An article by Associated Press writer Jennifer Talhelm repeated the false claim -- which she attributed to Republican 7th Congressional District candidate Rick O'Donnell -- that Social Security “must be shored up to avoid going bankrupt as early as 2018.” In fact, Social Security will not “go[ ] bankrupt” in or around 2018; beginning in 2017, the Social Security trust will pay out more in benefits than it receives in revenue but will be able to continue full payments until 2040.
In an August 11 article, Associated Press writer Jennifer Talhelm repeated the false claim -- which she attributed to Republican 7th Congressional District candidate Rick O'Donnell -- that Social Security “must be shored up to avoid going bankrupt as early as 2018.” In fact, Social Security will not “go bankrupt” in or around 2018. Rather, according to the board of trustees of the Federal Old-Age and Survivors Insurance and Federal Disability Insurance Trust Funds' (commonly known as the Social Security trustees) annual report from 2006, beginning in 2017, the Social Security trust will pay out more in benefits than it receives in revenue. The report stated that Social Security would be able to pay out 100 percent of scheduled benefits until the trust fund is depleted in 2040, after which it would pay out 74 percent of scheduled benefits.
According to the trustees' report: “Despite ... cash-flow deficits, beginning in 2017, redemption of trust fund assets will allow continuation of full benefit payments on a timely basis until 2040, when the trust funds will become exhausted.” The report goes on to state, “Even if a trust fund's assets are exhausted, however, tax income will continue to flow into the fund. Present tax rates would be sufficient to pay 74 percent of scheduled benefits after trust fund exhaustion in 2040 and 70 percent of scheduled benefits in 2080.”
The false claim that Talhelm attributed to O'Donnell differs somewhat from another misleading claim posted on O'Donnell's campaign website in July. In his plan to "fix Social Security," O'Donnell claims, “In just 12 years Social Security will pay out more than it collects. When the system begins paying out more in benefits than it receives in pay-roll taxes, the government will have to raise taxes or reduce benefits in order to continue cutting Social Security checks.” In fact, as noted by the trustees, Social Security will be able to pay out 100 percent of scheduled benefits until 2040 without raising taxes.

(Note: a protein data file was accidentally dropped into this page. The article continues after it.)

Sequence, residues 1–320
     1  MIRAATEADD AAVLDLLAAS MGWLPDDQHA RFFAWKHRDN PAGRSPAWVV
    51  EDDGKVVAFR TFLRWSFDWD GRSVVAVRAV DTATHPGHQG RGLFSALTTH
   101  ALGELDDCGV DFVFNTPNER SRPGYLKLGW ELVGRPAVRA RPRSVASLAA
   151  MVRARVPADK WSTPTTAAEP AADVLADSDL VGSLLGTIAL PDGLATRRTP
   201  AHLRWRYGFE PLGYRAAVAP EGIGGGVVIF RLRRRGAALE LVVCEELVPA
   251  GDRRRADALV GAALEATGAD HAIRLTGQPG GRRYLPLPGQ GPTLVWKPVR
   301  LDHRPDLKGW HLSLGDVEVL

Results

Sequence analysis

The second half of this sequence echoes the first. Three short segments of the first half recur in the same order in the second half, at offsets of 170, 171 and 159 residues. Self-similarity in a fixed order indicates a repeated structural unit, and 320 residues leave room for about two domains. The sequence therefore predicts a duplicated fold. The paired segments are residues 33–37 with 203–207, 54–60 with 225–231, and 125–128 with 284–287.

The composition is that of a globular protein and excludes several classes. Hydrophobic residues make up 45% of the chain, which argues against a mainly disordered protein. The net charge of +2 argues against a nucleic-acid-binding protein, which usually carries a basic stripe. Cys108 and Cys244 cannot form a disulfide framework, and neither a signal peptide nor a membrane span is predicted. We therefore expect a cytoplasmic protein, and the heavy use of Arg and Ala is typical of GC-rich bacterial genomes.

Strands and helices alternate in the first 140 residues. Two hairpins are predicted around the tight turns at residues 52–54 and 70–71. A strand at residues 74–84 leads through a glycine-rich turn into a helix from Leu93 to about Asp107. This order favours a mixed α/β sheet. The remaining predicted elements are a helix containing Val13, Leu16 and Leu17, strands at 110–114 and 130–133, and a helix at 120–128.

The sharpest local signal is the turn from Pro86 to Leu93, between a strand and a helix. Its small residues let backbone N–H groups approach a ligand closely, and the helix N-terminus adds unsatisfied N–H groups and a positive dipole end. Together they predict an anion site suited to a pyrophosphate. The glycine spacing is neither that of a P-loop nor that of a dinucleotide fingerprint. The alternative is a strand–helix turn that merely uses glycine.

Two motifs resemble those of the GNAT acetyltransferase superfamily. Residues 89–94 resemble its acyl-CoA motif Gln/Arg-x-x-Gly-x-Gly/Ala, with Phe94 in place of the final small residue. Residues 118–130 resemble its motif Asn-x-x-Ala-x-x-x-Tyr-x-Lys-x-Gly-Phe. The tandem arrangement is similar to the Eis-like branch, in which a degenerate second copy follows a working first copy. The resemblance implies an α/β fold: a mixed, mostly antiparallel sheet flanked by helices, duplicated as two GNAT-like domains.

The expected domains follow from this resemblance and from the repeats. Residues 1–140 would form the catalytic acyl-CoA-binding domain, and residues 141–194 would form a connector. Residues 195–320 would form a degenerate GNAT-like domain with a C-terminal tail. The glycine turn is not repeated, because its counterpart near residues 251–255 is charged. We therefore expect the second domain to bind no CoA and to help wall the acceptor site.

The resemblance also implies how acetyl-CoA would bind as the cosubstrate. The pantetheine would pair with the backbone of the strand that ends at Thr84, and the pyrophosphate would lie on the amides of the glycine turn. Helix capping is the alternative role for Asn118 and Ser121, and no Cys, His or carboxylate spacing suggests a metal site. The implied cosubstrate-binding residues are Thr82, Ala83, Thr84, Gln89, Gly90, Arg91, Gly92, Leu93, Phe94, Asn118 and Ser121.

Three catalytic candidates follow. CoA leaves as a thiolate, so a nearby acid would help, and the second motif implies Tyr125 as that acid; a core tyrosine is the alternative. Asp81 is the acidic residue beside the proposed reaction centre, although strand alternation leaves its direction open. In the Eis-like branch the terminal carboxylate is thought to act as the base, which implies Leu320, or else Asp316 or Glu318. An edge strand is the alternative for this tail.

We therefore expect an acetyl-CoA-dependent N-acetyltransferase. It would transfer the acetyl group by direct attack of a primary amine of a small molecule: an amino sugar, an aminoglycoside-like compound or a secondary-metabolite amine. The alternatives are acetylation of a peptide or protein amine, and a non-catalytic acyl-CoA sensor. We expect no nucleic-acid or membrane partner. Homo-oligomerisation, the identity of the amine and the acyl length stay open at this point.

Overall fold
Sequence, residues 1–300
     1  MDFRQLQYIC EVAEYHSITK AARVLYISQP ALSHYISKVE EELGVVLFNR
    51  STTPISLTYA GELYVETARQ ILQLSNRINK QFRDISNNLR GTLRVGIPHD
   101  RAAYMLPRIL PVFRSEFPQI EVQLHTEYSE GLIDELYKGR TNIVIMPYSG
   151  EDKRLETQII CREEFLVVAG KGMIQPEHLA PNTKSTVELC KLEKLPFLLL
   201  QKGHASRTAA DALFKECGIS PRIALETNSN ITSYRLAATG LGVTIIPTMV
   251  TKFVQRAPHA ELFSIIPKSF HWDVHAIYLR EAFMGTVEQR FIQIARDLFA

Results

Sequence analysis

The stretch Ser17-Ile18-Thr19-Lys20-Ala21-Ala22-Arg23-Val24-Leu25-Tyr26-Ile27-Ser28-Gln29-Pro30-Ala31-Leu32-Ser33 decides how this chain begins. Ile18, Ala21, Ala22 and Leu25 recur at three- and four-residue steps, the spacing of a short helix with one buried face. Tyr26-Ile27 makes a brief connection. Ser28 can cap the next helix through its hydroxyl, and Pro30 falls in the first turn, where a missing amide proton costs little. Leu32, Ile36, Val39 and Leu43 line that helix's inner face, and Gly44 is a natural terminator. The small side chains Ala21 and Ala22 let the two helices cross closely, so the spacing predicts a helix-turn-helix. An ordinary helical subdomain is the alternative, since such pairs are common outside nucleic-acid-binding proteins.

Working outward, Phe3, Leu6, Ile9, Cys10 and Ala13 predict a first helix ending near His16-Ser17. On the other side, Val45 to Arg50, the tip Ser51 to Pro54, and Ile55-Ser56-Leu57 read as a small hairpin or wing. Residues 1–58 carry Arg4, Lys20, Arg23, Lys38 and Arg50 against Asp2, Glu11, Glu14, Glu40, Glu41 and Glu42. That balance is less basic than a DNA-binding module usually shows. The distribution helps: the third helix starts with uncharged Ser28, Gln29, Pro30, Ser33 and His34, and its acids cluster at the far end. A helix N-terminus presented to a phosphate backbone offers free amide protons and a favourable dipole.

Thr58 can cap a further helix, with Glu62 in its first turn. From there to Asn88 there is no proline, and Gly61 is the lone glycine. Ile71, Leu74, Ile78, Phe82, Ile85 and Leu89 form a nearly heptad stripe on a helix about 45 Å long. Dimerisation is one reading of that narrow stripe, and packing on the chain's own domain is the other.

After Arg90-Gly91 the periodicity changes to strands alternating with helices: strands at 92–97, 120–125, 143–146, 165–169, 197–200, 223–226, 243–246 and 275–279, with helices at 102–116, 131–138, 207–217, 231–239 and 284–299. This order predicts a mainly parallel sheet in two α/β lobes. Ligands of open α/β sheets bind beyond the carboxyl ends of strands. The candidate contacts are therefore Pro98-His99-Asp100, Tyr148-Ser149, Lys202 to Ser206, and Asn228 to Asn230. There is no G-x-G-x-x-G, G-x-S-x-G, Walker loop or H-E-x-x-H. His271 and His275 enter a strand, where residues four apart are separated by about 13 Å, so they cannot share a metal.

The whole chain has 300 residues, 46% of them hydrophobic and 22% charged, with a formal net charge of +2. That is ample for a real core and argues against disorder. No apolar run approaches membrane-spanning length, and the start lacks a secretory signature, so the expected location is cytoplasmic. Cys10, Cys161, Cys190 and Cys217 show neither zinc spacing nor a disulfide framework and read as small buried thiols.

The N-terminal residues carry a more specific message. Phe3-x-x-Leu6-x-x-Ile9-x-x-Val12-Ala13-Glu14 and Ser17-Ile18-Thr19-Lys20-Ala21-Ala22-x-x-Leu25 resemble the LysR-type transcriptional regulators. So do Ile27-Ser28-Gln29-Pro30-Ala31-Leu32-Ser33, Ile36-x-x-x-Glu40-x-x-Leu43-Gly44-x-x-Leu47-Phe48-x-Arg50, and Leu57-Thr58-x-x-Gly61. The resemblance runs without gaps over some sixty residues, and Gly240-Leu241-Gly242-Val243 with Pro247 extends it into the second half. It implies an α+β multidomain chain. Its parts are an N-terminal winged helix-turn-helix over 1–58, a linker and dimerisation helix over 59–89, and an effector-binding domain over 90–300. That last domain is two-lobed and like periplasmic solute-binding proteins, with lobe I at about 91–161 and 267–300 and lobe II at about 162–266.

As Talhelm noted in her article, in 1995, “O'Donnell wrote a paper calling on government to 'slay' Social Security.” In a July 11 article about O'Donnell's past call to abolish Social Security, the Rocky Mountain News reported that O'Donnell “said he has since changed his position and wants voters to know, before Democrats slam him, that he now favors fixing Social Security, not abandoning it.”
From Talhelm's August 11 AP article, as posted on The Daily Sentinel of Grand Junction's website:
Some candidates smoked pot when they were 24, giving political opponents campaign ammunition later on.
Colorado Republican U.S. House hopeful Rick O'Donnell wrote a paper calling on government to “slay” Social Security. And Democrats hope it will be his undoing.
O'Donnell, now 36 and running for an open suburban Denver House seat, says he made the argument in a moment of youthful indiscretion.
O'Donnell published his essay in 1995 while working as communications director at a think tank run by former House Speaker Newt Gingrich, R-Ga. In it, he argued that the government should not be the chief provider for senior citizens.
“It sends the un-American message that it is not your responsibility to take care of yourself,” O'Donnell wrote, proposing the government kill the program.
O'Donnell has since enrolled his mother in Social Security. He says he believes the program must be shored up to avoid going bankrupt as early as 2018, and proposes that experts start from scratch to identify a permanent fix.
He says Democrats don't have a solution at all and are just trying to scare seniors.
But Democrats say the paper is evidence of O'Donnell's extreme position on the issues.